Jethro Tull returned during April of 1978 with their second in their trilogy of folk/rock albums.Heavy Horses was musically very close to its predecessor Songs From The Wood, although the lyrics would be a little darker in places. It would continue their commercial success and receive sales awards in The United States, Canada, and their home country.
The band’s lineup remained intact. Flutist/songwriter/vocalist Ian Anderson, guitarist Martin Barrie, drummer Barriemore Barlow, keyboardist John Evan, keyboardist/arranger David Palmer, and bassist John Glascock had been together for a number of years and the musicianship was tight and excellent throughout. This would be Glascock’s last full album with the group as his health had begun to deteriorate which would shortly cost him his life. His playing on this album would allow him to go out in style.
Ian Anderson returns to the English countryside for musical and lyrical inspiration. The poetry of his lyrics is some of his best and his flute playing floats over the rock/folk rhythms. David Palmer’s orchestral arrangements and additional keyboards enhance and fill out the sound.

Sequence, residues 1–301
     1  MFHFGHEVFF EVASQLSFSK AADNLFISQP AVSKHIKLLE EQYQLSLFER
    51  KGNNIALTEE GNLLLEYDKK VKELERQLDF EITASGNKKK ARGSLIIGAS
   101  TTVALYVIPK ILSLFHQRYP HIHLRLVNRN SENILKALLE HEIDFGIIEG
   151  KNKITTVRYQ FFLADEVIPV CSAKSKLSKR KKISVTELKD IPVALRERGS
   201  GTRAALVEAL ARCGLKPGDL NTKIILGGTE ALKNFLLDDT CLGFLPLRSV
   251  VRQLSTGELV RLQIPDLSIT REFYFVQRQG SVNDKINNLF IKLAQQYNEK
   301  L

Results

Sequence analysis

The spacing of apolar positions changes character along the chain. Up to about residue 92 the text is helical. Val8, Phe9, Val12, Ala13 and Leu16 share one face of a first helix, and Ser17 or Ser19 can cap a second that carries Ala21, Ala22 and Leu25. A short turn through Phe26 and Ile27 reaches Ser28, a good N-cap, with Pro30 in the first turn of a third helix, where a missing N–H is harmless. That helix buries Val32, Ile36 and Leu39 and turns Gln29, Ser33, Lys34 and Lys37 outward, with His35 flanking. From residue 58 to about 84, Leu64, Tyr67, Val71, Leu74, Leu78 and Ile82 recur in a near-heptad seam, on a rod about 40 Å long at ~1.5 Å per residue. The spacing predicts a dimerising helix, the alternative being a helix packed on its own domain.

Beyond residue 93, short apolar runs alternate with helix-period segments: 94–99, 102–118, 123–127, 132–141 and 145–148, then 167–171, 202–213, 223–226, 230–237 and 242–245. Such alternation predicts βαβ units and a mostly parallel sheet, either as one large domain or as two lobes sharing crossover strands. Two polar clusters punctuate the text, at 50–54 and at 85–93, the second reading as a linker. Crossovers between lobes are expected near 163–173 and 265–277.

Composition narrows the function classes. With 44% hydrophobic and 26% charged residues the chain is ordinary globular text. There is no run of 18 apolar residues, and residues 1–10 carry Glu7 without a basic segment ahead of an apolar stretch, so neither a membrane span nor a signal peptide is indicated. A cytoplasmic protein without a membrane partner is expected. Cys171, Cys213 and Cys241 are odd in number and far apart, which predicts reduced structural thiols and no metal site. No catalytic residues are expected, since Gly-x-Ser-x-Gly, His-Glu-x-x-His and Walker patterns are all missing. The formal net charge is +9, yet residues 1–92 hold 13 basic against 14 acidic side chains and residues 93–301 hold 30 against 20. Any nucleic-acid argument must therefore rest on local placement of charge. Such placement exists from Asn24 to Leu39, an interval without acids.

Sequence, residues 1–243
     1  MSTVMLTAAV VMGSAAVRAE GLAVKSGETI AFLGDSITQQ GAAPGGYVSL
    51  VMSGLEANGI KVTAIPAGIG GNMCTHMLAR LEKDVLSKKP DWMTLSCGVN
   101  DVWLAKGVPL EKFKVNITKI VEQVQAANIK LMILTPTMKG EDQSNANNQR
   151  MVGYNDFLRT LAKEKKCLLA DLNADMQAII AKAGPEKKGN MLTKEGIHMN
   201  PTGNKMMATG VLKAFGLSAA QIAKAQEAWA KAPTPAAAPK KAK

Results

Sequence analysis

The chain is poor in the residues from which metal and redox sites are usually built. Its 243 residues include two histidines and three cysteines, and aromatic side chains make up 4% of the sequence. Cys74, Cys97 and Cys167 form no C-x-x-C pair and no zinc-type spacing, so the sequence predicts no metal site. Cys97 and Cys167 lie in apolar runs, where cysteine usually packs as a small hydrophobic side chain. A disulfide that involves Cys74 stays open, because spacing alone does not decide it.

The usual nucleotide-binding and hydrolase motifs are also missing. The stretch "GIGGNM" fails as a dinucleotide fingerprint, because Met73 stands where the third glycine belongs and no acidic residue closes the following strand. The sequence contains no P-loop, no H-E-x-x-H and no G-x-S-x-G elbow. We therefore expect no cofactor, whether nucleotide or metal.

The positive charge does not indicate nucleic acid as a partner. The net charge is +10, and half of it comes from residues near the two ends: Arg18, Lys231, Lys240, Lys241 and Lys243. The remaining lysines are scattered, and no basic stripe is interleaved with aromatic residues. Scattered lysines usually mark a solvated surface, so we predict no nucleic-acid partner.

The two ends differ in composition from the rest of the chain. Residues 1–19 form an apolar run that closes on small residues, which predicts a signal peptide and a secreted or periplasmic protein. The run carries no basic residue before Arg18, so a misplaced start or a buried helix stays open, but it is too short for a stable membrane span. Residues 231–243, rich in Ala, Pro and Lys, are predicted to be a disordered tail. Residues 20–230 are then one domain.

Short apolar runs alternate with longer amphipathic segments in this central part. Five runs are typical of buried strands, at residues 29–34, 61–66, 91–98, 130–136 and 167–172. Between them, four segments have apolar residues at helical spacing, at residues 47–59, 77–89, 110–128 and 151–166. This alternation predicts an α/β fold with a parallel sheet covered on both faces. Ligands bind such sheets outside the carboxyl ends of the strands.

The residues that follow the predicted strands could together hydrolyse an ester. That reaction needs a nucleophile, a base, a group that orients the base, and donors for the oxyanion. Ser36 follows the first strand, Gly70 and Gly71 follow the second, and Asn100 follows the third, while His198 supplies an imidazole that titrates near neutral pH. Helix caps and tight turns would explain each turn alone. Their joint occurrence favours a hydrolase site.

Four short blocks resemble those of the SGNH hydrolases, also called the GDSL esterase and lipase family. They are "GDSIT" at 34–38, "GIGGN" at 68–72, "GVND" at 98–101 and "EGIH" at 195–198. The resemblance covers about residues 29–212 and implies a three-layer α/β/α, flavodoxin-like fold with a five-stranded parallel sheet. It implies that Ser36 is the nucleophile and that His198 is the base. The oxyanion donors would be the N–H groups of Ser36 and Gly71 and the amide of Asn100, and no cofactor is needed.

I have always placed this album just a notch below Songs From The Wood but it still is one of the stronger and satisfying releases in the Tull catalogue.
The strongest track is “Acres Wild.” Anderson acknowledges his English Celtic roots as he fuses up-tempo medieval music with seventies progressive rock. He even manages to make the whole affair melodic. Close behind is the title track. Barre’s guitar and Glascock’s bass performances provide a nice foundation for Anderson’s poetry.
There are several other tracks of note. “Moths” has a beauty about it which is provided courtesy of Anderson’s flute. “Rover” has a light touch and is a nice whimsical interlude. “Weathercock” is another example of what a fine flutist Ian Anderson had become and how unique that instrument made group’s sound.
Jethro Tull would make a number of very different stops during their career but perhaps none are so satisfying as their folk/rock period.Heavy Horses is a fine example of that style as it is earthy, rustic, and above all enjoyable even three decades after its release. It remains Jethro Tull at their finest.
Article first published as on Blogcritics.org